Sometimes, your first idea is not your best one. But you might fixate on it, especially if the idea has worked for you before. In academic terms, this phenomenon is called design fixation. In layman's terms, we might call it getting set in your ways, experiencing tunnel vision, regurgitating old ideas, or being blinded to alternatives.
As part of research published in the journal Design Studies, Nathan Crilly (who teaches engineering design at the University of Cambridge) anonymously asked 13 professional designers who work in U.K. consultancies how they deal with design fixation. These designers had an average of 21 years of experience in the field, and had plenty of ideas for getting around this common affliction. Their various approaches suggest that the tendency to get stuck on one idea, while prevalent among designers, isn't an unfixable trait.
First, here are a few things that make this fixation worse, according to these designers.
If solutions to the problem the designers were trying to tackle already existed in the market, they found it difficult to walk the line between researching these precedents and copying older old ideas. "You’ve got the advantage of seeing what people have already done so that you know that these are potentially robust solutions," one interviewee said. "But then you’ve got the risk that you actually may have cut off some other ideas you might have come up with."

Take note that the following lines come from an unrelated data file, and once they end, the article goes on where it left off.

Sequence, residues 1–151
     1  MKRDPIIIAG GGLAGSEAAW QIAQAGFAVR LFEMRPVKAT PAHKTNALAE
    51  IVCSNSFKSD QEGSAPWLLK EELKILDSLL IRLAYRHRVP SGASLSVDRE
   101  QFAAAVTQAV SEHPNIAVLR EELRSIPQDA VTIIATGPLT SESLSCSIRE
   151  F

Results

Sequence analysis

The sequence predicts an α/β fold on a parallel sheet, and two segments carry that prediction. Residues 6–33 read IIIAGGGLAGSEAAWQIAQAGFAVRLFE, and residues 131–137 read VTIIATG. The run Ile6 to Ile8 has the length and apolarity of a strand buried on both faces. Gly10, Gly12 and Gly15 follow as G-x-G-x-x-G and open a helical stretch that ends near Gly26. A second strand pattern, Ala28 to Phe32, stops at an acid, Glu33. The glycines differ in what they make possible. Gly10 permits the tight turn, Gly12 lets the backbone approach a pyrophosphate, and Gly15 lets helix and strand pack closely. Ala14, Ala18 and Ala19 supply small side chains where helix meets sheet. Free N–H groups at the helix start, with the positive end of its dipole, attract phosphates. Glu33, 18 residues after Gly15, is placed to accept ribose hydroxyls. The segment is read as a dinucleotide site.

"I think there quite often is a feeling that people have that they actually know the best combination of solutions pretty early on," an interviewee argued. "And most of their effort will be going to prove that that works, rather than exploring the full range of options."
Thorough exploration comes at a price. Designs that take a lot of research and iterations to perfect are more expensive than firing off the first prototype you come up with, whether that comes from billing the client for extra hours or incurring the cost of delaying the product's launch. As one designer describes it:
You think of an idea. A week later you think of a better way of doing it, so you scrap the original idea. You never get anywhere. It often takes you three or four times longer to [get to] market. And the cost involved in bringing that product to market at a later date can sometimes be horrific. I don’t think there is any product [of mine] where there wasn’t a better way of doing it.